(Bloomberg) -- The victory of South Korea’s main opposition party in parliamentary elections has made its leader a top contender for president in 2027, as long as he can manage a fickle public and stay ahead of a legal battle that could land him in prison before then.

Lee Jae-myung emerged from the election with a strong enough majority for the progressive bloc led by his Democratic Party to dictate the course of legislation and pressure the conservative ruling People Power Party to make concessions if it wants to get anything done. 

An advocate of a universal basic income, Lee had proposed while he was on the campaign trail a total 13 trillion won ($9.5 billion) in cash handouts to citizens as a way to revive the economy. His Democratic Party has been looking to increase taxes on wealthy individuals and the chaebol conglomerates that dominate the corporate landscape.

It’s all quite a turnaround for a person who lost the presidential race in 2022 by a razor-thin margin and was then indicted over a variety of bribery and breach of duty charges. This raised questions within his party over whether he was damaging its image, but the victory in the Wednesday election showed he can connect with voters.

“Lee has managed to make the Democratic Party his party and cement his grip on power while embracing the moderates,” said Shin Yul, a political science professor at Myongji University in South Korea. 

Voters’ discontent and the desire to hand down a “verdict” on the government appears to have overshadowed Lee’s own legal problems, Shin said.

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Lee’s Democratic Party bloc expanded its majority with 175 seats, according to the National Election Commission, a major victory that paves the way for the opposition leader to take the driver’s seat and eye another try at the presidency.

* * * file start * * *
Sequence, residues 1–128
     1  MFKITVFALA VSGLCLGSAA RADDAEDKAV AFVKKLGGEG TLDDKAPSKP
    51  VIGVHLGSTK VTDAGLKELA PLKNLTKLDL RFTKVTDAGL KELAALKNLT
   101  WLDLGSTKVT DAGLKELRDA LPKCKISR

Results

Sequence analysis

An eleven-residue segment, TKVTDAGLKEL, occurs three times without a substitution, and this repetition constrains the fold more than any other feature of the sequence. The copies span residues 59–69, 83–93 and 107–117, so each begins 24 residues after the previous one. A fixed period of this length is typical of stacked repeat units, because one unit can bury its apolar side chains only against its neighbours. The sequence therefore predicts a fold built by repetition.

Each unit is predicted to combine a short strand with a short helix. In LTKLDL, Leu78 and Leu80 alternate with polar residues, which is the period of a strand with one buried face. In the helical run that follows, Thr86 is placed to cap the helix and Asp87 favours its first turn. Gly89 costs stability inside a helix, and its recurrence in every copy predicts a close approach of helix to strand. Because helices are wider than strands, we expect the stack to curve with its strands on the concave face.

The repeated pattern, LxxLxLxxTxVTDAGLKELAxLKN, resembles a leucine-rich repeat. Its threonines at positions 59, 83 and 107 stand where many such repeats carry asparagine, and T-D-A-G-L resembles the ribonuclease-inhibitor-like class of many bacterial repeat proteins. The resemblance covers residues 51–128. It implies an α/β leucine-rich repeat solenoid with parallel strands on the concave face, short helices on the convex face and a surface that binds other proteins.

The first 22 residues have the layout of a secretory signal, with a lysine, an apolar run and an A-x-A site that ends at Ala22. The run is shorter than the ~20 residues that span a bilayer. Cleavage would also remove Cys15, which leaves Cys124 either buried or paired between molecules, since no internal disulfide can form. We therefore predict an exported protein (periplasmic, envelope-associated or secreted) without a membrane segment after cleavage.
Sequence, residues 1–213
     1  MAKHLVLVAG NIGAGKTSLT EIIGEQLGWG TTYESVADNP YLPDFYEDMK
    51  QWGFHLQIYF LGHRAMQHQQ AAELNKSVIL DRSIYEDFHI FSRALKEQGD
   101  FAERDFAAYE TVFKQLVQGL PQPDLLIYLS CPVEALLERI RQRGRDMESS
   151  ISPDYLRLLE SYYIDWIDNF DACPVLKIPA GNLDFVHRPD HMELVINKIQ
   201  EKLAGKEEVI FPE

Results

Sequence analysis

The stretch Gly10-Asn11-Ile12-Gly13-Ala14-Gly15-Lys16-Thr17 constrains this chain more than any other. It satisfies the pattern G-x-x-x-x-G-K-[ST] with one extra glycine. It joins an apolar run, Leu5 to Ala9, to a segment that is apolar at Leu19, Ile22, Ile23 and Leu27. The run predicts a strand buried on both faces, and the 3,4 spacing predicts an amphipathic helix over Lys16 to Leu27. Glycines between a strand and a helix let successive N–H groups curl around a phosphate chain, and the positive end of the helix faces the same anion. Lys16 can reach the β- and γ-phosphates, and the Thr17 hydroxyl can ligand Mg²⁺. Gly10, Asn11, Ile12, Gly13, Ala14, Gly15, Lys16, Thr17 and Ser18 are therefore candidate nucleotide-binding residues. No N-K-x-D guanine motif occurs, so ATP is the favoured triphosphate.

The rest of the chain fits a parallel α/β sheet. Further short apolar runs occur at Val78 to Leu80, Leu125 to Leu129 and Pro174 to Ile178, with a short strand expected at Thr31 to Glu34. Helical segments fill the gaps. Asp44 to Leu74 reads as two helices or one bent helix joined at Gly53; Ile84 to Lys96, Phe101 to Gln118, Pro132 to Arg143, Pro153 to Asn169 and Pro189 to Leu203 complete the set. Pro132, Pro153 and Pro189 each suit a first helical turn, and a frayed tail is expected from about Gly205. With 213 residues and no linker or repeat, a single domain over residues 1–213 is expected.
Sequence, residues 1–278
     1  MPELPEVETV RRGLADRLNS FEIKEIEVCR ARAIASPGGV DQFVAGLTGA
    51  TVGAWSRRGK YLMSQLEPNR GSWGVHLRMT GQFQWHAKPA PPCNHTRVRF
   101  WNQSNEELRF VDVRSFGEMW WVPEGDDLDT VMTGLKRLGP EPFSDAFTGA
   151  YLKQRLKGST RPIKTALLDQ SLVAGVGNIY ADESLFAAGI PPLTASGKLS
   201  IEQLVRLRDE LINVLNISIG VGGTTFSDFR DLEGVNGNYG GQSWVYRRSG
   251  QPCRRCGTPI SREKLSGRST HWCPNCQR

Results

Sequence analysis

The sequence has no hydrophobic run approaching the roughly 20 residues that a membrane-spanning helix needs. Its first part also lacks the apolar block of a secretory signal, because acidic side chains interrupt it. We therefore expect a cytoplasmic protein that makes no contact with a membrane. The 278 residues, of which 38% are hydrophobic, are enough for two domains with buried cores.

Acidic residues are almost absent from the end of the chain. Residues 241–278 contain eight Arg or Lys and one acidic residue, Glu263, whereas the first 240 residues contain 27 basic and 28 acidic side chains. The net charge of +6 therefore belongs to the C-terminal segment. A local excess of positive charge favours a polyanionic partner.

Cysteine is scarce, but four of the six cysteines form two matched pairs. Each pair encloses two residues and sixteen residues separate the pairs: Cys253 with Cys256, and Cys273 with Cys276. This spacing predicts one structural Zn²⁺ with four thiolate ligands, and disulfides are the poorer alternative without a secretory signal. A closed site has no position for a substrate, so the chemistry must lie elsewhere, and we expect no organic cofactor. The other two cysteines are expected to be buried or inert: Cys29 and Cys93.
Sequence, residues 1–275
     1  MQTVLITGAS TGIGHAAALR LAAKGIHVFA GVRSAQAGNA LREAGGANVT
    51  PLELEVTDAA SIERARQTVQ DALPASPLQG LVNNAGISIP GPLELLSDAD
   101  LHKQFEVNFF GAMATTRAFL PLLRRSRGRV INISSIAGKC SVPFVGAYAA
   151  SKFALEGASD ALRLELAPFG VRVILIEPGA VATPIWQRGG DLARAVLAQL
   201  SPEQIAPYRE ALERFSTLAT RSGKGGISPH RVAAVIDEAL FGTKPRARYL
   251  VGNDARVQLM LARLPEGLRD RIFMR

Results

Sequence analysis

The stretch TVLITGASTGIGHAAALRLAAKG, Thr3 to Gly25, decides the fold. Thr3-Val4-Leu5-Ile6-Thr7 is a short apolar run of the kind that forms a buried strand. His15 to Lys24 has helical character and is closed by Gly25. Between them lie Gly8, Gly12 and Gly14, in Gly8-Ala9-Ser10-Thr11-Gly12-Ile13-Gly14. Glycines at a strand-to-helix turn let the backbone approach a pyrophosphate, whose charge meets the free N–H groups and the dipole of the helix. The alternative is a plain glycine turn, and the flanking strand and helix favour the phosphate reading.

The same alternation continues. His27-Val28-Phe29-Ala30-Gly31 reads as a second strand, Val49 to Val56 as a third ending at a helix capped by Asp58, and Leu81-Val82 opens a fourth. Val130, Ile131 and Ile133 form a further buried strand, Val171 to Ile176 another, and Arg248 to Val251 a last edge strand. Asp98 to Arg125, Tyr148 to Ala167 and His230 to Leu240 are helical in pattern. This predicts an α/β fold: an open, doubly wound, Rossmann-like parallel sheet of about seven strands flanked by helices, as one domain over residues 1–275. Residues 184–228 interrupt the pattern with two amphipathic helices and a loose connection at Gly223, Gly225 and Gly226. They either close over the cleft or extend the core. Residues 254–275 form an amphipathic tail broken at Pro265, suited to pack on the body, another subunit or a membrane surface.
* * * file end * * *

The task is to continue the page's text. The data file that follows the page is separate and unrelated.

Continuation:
A former factory worker who later became a civil rights lawyer, Lee has been in politics for more than 15 years as a member of the progressive camp — becoming governor of Gyeonggi province surrounding Seoul in 2018. He has pushed to make the country Asia’s first to introduce a universal basic income.

He is also one of the most polarizing political figures in the country with a fervent base of supporters on the left and a large block of opponents in the conservative camp. Lee has been clouded by scandals in his personal life and a probe into land speculation in Seongnam, a city where Lee served as mayor. He has denied any wrongdoing and called the legal proceedings against him politically motivated.

Read more: South Korean Party Leader Was Stabbed by Stalker Over Politics

Lee survived a stabbing earlier this year that police said appeared to be politically motivated.

Lee appeared at court just two days after the election, a second appearance in a week, demonstrating the headwinds he will face if he tries again for the presidency. 

Entering the courtroom Friday, Lee declined to respond to reporters asking about the possibility of losing his parliamentary seat pending court rulings. 

Also getting the spotlight is Cho Kuk, who launched a new party a month before the election that went on to garner 12 seats — the third largest of all parties that competed in this year’s parliamentary vote.  

Cho, a justice minister during the administration of Yoon’s predecessor Moon Jae-in, had left office in disgrace. He was charged and later convicted of academic fraud and unlawful interference with a government inspection. The case is now pending appeal at the country’s top court.

Cho may also battle Lee for attention and his party has enough votes in parliament that it could be the difference-maker in steamrolling legislation through the body. How Lee and Cho may cooperate is an open question, but the two left the election with new winds in their sails.

Park Won-ho, a political science professor at Seoul National University, said it might be “about time to accept” that there are as many people who think Lee and Cho should go to jail as there are people who support them as political opposition leaders.

“At least that’s what this week’s vote results are telling us,” Park said. 

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